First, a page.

"The interest which an alien has in continued residence in this country is protected only so far as Congress may choose to protect it; Congress may direct that all shall go back, or that some shall go back and some may stay; and it may distinguish between the two by such tests as it thinks appropriate. The relator does not challenge the test here applied, so far as concerns the deportation order itself; he agrees that, so far as his interest in residing in this country was protected by statute — in so far as it was `a legally protected interest' — it had been forfeited. His position is that, being concededly eligible for suspension of deportation, he was entitled to the exercise of the Attorney General's discretion, and that it appears that this has not been in fact exercised in accordance with the limitations, which must be assumed to confine it. Unless he is to be permitted a hearing to show that it has not been so exercised, he says that he will be denied `due process of law.' It does not appear from the record that the Attorney General — through the Board, his delegate — has exercised his discretion in disregard of any implied limitations. We will assume arguendo that the contrary might appear: i. e., that the reason given might be clearly irrelevant that a court could say that the Attorney General had transgressed the statute. Suppose, for example, that he denied suspension because the alien had become too addicted to attending baseball games, or had bad table manners. But membership, even past membership, in an organization which the Attorney General has `proscribed' may make an alien's continued residence prejudicial to the public weal. True, without an inquiry we cannot know whether membership in the `Order' is prejudicial; for we cannot tell whether the Attorney General had adequate grounds for `proscribing' it. On the other hand we cannot say that he did not; and, if the relator has the privilege of inquiring into the grounds, he has been wronged, and the writ should have gone. An alien has no such privilege; unless the ground stated is on its face insufficient, he must accept the decision, for it was made in the `exercise of discretion,' which we have again and again declared that we will not review.
"Nor has the relator any constitutional right to demand that we should. As we have said, any `legally protected interest' he ever had has been forfeited by `due process of law'; forfeited as completely as a conviction of crime forfeits the liberty of the accused, be he citizen or alien. The power of the Attorney General to suspend deportation is a dispensing power, like a judge's power to suspend the execution of a sentence, or the President's to pardon a convict. It is a matter of grace, over which courts have no review, unless — as we are assuming — it affirmatively appears that the denial has been actuated by considerations that Congress could not have intended to make relevant. It is by no means true that `due process of law' inevitably involves an eventual resort to courts, no matter what may be the interest at stake; not every governmental action is subject to review by judges." (Emphasis supplied.) United States ex rel. Kaloudis v. Shaughnessy, 2 Cir., 180 F.2d 489, 490-491. See also Arakas v. Zimmerman, 3 Cir., 200 F.2d 322, at page 324.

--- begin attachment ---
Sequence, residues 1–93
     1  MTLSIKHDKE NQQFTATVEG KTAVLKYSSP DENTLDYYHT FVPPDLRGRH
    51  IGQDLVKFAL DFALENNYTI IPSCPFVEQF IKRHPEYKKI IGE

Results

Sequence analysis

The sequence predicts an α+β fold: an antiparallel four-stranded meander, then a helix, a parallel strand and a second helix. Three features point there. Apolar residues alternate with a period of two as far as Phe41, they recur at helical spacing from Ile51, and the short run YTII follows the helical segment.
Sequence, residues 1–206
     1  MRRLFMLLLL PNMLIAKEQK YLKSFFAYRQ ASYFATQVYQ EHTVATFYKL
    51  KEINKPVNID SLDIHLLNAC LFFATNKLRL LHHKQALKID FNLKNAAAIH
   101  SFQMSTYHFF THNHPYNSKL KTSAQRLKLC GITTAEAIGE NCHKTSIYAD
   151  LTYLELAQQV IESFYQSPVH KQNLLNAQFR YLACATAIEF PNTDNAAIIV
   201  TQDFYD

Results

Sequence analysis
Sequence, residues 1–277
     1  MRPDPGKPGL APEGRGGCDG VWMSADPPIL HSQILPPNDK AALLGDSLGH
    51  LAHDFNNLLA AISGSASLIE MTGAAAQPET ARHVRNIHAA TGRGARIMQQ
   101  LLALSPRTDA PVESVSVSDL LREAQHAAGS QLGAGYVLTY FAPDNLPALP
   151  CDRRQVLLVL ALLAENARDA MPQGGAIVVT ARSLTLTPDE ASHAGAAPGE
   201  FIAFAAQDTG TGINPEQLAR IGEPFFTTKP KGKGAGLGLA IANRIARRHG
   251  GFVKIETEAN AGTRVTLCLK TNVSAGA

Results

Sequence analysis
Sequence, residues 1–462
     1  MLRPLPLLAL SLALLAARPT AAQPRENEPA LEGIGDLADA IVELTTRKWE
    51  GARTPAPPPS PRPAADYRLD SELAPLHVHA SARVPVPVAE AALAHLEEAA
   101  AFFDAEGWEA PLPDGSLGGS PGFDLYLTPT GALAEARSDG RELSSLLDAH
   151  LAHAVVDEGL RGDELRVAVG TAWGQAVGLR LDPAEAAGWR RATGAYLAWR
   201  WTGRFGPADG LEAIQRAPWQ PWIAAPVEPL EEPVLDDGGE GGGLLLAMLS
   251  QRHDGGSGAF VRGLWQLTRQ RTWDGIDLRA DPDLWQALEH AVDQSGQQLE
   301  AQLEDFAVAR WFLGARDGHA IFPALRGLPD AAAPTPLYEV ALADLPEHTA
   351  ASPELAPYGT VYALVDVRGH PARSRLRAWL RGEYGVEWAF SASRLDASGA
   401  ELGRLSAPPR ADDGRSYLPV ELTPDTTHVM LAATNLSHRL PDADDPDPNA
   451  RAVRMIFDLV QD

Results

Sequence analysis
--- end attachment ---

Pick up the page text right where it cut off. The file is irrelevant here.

If the language used by the Board of Appeals has any meaning, it means the Board of Appeals has given petitioner a hearing, and ruled against her, finding the facts "not persuasive that the case merits the exercise of the discretionary authority".
The Board of Appeals did not take the ultimate position that petition was not entitled to have the Board exercise its discretion. It did point out:
(a) that an application for discretionary relief must, by the precise wording of the remedial statute, and by previous Board decisions, be filed during the immigration hearing;
See Perez-Perez v. Westmoreland, D. C., 122 F.Supp. 385;
(b) that petitioner obviously could not bring herself within such language nor the previous decisions of the Board, but that she should be held to some standard, to-wit, a prompt exercise of any privilege that Congress may have granted her;
(c) that 8 C.F.R. 6.21 required that motions to reopen be supported by affidavits or other evidentiary material. Despite this, petitioner had personally supplied no affidavit, or other showing either with respect (1) to her present membership in the Communist Party, or the lack of it; (2) the extent of her activities while a member, or the lack thereof; (3) detailed information as to the hardship which she felt would result to her if she were deported.2
(d) that 8 C.F.R. 6.21 provides that there shall be included in the motion to reopen, a statement by or on behalf of the moving party declaring whether or not the alien is the subject of any criminal proceedings under Section 242(e) of the Act. Petitioner's motion failed to comply with this requirement.
(e) that where the motion is to secure discretionary relief, there is to be included a statement as to whether or not the alien is subject to any pending criminal prosecution. (Emphasis added.) Petitioner's motion failed to comply with this requirement.
Petitioner seeks to excuse compliance with requirement (d) above, upon the ground that the respondent knows the answer. This might perhaps be a sufficient excuse, were it the only omission by petitioner, but it in no way excuses the failure to comply with the requirement of (e) above, which is essential information, going to the very heart of the exercise of clemency sought by petitioner, and relates to facts known only to her.
In petitioner's reply to the Government's return to the order to show cause, she supplies some of the "evidentiary material" required by the regulations. For example, she states specifically under oath she is not the subject of any criminal proceedings under Section 242 (a) of the Immigration and Nationality Act, and she states specifically under oath that she is not subject to any pending criminal prosecution. (Emphasis added.) She at no time specifically touches upon the further matter mentioned by the Board of Immigration Appeals, when it stated in its order: